May 8, 2019

Performance Review Series – Step #1: Ground Yourself

Performance Reviews are one of the most important events of a professional’s yearly experience.  Are you preparing as much as you should be?

Quick survey! 

What’s the first word that comes to mind when I write the phrase “Performance Review?” Let me take a guess:

Ugh!  Yuck!  No!  Help!  Gross!  Anxiety!

Am I right??  In my 20+ years professional experience, rarely have I managed or coached professionals who are excited about this (often) yearly event.

And I was right up there too! I remember dreading the entire process, even if I felt I delivered a ton of impact to the organization.  The prep, the documentation, the conversation, the follow-up … no thanks!

Well, it’s time to finally squash that fear and dread around Performance Reviews.  With a shift in mindset and a little help from yours truly, we can turn that frown upside-down and make the Performance Review experience a good one.For the next several weeks, I’m focusing on the steps you’ll need to feel better (and more in control) about your upcoming Performance Review.  This series won’t guarantee a solid review (that’s up to you); however, it will help you feel more prepared and generally positive about the experience.

In this first week, I’m tackling the foundation – what I call “Grounding Yourself.”  Here are my best practices to make sure you nail this start of your (new) Performance Review Journey:

  • Know how you’re being measured.  I know, I know, you’re thinking, “Well, duh, Tom…” but I’m telling you, I’ve seen this time-and-time-again – when I ask clients how they’re being evaluated, I get a blank stare looking back at me.  This is CRUCIAL.  Get super clear with your manager on how s/he is evaluating you and what “good” is in their mind (use an “Avatar” employee if you have to).  And don’t forget to ask about the soft-skills too!
  • Use the right language.  Does your organization use terms like “impact” or “results”? Is “collaboration” better or “partnering”? Is there a methodology used throughout the process (STAR model, for example).  Knowing this prior is important to make sure you’re talking in the same way as your manager (and your manager’s manager).  You can get hints in your Job Description, Organizational Goal(s), Mission/Vision, and even previous Performance Reviews and/or Check-Ins with your manager.
  • Set your expectations.  This is important, especially if you’re thinking it’s time for a promotion.  If you’ve had a stellar year and you’re thinking a promotion of 20% is headed your way, make sure you’re setting yourself up for success.  Have you seen/heard of a 20% increase before? Are there promotion guidelines you can search (or ask about)?  Same with yearly merit increases – are you setting realistic expectations around these increases? If you have questions, it’s totally appropriate to ask your manager for guidelines – believe me!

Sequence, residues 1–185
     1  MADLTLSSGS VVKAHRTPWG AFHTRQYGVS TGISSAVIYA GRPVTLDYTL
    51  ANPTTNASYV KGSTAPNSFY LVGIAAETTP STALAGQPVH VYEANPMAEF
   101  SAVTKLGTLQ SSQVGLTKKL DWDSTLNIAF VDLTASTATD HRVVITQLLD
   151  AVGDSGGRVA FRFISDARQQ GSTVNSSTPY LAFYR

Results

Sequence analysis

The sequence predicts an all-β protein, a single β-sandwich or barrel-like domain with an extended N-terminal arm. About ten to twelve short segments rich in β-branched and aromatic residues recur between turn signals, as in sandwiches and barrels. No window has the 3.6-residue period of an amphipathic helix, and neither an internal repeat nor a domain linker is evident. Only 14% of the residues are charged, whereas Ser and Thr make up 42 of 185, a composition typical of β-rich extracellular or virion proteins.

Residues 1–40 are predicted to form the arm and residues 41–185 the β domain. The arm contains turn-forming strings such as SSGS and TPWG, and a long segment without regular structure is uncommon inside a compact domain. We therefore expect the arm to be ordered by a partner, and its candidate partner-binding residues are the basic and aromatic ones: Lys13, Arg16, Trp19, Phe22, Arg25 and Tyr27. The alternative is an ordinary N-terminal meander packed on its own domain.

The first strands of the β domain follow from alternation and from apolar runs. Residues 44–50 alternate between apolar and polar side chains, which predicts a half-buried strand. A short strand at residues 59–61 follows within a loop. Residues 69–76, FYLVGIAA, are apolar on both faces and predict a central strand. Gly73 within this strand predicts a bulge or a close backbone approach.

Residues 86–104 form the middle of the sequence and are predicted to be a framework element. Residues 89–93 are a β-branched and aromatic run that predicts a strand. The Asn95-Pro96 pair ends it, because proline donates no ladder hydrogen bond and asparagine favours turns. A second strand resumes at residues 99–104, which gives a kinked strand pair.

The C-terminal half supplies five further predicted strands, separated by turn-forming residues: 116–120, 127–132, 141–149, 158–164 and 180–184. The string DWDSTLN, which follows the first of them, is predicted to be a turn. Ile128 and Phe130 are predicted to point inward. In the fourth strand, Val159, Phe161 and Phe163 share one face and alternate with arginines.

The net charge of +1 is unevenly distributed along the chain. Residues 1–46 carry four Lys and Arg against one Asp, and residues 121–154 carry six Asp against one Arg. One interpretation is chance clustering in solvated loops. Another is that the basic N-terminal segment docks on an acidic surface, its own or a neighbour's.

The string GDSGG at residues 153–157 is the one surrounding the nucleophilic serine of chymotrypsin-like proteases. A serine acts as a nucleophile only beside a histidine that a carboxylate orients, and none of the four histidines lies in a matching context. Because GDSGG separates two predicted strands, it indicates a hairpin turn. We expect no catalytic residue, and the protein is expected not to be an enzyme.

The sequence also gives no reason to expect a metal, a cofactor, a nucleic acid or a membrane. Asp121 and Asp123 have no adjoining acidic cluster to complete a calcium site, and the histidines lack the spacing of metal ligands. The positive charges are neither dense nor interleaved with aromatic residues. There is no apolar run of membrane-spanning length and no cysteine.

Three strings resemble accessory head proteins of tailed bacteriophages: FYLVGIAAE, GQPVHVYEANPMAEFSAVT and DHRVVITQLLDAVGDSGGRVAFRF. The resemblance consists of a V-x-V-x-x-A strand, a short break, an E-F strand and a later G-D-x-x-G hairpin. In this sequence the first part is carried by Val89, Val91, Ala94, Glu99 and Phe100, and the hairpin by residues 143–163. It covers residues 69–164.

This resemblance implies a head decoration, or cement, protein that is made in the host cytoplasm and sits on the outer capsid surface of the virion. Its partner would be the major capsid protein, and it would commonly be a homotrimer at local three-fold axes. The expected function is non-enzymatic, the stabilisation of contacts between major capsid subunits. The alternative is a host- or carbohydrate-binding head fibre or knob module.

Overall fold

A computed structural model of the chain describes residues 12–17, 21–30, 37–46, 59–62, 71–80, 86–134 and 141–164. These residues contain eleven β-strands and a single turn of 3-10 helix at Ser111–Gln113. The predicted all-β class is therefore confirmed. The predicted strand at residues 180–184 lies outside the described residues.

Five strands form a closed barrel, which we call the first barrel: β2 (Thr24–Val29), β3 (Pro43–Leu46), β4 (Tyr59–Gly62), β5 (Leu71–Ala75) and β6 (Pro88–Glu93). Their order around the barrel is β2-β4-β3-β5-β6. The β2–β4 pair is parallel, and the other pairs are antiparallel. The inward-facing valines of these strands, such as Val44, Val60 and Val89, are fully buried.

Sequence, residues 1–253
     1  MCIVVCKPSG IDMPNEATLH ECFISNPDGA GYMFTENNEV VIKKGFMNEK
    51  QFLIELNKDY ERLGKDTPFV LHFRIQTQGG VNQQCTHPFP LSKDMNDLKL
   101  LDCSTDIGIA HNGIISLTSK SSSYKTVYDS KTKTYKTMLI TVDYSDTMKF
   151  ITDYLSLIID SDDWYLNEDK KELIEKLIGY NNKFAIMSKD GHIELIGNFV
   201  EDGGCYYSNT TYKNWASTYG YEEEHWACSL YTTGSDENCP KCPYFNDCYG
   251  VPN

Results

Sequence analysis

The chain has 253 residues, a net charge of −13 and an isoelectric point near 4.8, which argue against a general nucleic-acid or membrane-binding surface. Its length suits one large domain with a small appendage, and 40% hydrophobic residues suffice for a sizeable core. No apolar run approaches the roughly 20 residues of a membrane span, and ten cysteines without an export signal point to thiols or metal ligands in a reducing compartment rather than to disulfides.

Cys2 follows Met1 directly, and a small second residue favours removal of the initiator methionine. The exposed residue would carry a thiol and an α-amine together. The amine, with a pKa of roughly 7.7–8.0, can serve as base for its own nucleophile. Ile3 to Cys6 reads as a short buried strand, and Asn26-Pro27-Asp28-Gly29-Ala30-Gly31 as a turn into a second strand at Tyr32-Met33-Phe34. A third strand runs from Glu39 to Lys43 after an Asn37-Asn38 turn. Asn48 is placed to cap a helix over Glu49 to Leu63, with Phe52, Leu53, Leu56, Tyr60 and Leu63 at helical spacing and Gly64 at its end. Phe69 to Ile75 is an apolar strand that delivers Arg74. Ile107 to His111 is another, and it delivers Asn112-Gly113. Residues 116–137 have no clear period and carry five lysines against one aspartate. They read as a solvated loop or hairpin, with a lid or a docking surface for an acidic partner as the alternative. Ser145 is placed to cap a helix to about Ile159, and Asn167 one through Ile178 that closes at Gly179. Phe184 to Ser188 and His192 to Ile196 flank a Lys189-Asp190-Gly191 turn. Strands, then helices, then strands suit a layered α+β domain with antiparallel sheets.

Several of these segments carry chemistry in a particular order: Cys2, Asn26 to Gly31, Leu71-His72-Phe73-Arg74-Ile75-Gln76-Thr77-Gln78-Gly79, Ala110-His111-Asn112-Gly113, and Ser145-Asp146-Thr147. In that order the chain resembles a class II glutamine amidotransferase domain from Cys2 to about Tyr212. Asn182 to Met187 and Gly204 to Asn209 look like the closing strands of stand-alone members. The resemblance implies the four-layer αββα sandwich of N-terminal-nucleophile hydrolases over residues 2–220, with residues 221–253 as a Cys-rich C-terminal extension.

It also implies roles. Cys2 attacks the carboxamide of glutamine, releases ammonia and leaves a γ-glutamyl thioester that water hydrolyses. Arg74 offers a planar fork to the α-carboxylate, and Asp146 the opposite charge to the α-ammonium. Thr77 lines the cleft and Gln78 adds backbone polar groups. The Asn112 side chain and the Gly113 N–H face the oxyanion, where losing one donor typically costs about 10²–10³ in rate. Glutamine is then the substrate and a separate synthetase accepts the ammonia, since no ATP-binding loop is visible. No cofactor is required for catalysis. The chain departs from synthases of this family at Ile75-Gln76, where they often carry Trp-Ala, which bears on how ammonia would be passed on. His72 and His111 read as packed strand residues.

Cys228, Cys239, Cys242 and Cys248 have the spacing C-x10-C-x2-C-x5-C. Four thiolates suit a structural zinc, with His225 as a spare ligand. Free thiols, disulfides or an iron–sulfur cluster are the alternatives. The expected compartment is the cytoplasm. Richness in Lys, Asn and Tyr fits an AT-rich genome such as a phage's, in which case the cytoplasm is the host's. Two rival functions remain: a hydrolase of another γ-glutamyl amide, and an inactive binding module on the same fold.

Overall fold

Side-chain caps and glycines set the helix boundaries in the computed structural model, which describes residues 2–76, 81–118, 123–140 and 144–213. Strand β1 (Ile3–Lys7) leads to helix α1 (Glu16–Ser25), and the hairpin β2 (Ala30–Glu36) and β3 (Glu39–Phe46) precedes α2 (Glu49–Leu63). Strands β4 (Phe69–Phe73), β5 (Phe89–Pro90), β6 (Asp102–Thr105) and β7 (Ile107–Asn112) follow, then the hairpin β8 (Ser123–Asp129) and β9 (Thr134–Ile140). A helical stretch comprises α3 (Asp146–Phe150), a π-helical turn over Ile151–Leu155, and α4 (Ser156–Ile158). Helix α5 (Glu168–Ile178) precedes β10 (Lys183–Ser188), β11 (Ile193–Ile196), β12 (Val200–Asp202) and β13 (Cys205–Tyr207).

• Do your homework.  Make sure you know your sources of truth when it comes to the content of your Performance Review.  Need sales numbers? Need customer feedback? Need product usage information? Need adoption rates? Outline where, when, and how you’re going to get the information to tell your Performance Review story (more on this next week).
  • Give yourself time & check-in with those important to you.  This is one of the hardest pieces of this foundational stage – time!  Even if your manager traditionally gives you 24 hours to submit your Review, most organizations generally have the same time of year when they complete the Performance Review.  So, start prepping, even if you’re not told to!  Also, give yourself time to shop your initial thoughts around – to your peers, your Career Coach (shameless plug here), your manager, or your mentor.  Another set of eyes can make a big difference.
  • Relax!  Warning: Woo-Woo alert!!  But seriously, you’ll thank me later.  Start taking time to visualize what you want out of your upcoming Performance Review.  How do you want the prep to go for you? How do you envision the conversation with your manager? What’s next AFTER the Performance Review?  All great things to start thinking about (and meditating about if you’re into that like me)!  Promise it will help!

Your homework this week:  Get that foundation set!  Even if your Performance Review is several months away, you can still start to think about how you’re setting yourself up for success now. At the very least, make sure you’re super-clear with your manager on how you’re being measured – both the “what” and the “how.”

Coming up next time:  I’m moving onto the second phase of the Performance Review process – Telling Your Story.  I’ll outline tips/tricks to get your documentation in order and make sure you’re writing your results/impact in a compelling (and easy) way!

Here’s to your Engaged Pursuit!

Tom Perry's Signature

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